Hepatitis C

What is it?

Hepatitis C (HCV) is a virus that causes inflammation (swelling) of the liver and may result in liver disease.

How do you get it?

Hepatitis C is passed on by blood and other bodily fluids. Hepatitis C can be transmitted by activities where it can get into your blood. A small amount of blood can carry enough of the virus to cause infection.

You can get hepatitis C through sharing injecting equipment, razors and toothbrushes, un-sterile tattoo and piercing equipment.  Hepatitis C can also be passed on from sex, though this is not common, including through anal (bum) sex, especially if one of the people having sex is HIV-positive.

What are the signs?

Some people do not have any signs that they have hepatitis C - you could have hepatis C and pass it on without knowing. If you do show signs they may include flu-like symptoms, nausea, abdominal pain, dark urine (piss), pale faeces (shit) and yellowing of the skin and eyes known as jaundice.  

Tests for Hepatitis C

When testing for hepatitis C you will need to have a blood test. The test will check for antibodies in your blood, and it will check to see if hepatitis is in your blood. It can take up to three months for hepatitis to show in your blood after infection, though special blood tests can show it up after two weeks.

Treatment for Hepatitis C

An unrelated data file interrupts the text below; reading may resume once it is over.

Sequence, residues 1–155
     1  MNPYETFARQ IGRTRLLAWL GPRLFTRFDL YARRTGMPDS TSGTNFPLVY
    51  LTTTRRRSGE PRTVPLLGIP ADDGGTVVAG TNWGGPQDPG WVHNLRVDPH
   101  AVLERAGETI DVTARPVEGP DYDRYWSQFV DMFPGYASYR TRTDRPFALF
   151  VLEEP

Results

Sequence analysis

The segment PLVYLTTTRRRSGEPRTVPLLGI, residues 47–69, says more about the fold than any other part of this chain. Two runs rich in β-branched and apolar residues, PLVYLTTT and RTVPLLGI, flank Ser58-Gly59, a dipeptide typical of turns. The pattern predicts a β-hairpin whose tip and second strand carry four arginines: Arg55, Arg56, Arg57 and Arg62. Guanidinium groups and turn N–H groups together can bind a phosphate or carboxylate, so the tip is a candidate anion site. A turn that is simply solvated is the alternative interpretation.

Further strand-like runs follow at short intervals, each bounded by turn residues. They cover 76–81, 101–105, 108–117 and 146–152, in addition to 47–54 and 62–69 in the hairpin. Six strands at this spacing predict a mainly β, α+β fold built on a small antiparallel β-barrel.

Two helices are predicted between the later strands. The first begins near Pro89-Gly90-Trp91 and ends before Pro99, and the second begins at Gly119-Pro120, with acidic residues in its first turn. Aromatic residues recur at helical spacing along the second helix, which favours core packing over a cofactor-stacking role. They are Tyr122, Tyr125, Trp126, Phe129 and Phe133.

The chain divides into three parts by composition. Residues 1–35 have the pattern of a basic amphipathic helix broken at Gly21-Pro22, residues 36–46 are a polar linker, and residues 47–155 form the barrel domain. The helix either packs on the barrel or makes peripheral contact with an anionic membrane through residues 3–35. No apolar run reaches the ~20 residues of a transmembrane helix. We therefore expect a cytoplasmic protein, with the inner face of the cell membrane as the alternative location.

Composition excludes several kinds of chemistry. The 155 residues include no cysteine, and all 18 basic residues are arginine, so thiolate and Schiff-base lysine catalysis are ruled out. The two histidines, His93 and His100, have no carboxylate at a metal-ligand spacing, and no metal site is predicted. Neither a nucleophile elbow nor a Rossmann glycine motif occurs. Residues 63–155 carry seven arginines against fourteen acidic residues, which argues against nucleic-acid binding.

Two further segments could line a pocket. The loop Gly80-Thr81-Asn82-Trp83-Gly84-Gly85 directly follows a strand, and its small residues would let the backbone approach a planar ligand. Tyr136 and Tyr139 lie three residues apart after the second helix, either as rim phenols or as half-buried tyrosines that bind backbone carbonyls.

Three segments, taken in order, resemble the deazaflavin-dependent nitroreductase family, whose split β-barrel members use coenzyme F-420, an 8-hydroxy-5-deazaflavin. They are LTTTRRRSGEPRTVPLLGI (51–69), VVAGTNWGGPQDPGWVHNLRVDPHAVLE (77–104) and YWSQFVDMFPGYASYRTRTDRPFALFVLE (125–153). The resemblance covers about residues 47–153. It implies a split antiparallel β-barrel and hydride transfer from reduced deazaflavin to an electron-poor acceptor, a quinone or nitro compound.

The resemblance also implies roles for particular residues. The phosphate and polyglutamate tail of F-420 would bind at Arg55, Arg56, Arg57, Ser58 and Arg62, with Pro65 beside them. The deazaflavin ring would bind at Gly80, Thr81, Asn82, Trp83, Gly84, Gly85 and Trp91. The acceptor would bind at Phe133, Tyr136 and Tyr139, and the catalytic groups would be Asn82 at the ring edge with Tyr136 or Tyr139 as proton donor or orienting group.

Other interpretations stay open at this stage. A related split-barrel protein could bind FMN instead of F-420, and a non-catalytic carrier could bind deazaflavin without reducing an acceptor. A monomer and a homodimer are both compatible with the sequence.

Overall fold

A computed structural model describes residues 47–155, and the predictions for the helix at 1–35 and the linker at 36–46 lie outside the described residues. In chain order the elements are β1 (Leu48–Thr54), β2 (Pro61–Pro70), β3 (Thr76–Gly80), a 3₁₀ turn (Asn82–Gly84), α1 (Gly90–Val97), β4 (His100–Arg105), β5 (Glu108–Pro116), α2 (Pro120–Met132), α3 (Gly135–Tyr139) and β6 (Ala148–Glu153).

Almost 100% of people with hepatitis C can now be cured. There are several treatments available with minimal side-effects and will take from 8 to 12 weeks. There are no injections involved and it just requires you to take pills (medicine). If you have hepatitis C talk to your doctor about the correct treatment .

Preventing Hepatitis C

Unlike hepatitis A and B there is no vaccine available to prevent a person from getting hepatitis C.

To reduce the risk of transmission of hepatitis C:

  • avoid sharing injecting equipment including needles, syringes, swabs, spoons, filters, water and tourniquets
  • always use new injecting equipment
  • always wash your hands before and after injecting
  • avoid sharing personal items such as toothbrushes, razors and nail scissors / clippers
  • make sure body artists use new, sterile equipment for tattooing, body piercing and other body art
  • use condoms, and water-based lube during sex (especially if there is blood or any STIs present) and latex gloves for fisting
  • wear disposal gloves if you give someone first aid or are cleaning up blood or body fluids

Hepatitis C and HIV

If you have HIV, you should be tested regularly for hepatitis C. People who inject drugs have a higher rate of having both hepatitis C and HIV.

If you have HIV and are not receiving treatment you will have more chance of health impacts from hepatitis C. If you are on treatment for HIV this will allow for hepatitis C to remain under control until your doctor has advised you on the best treatment plan.

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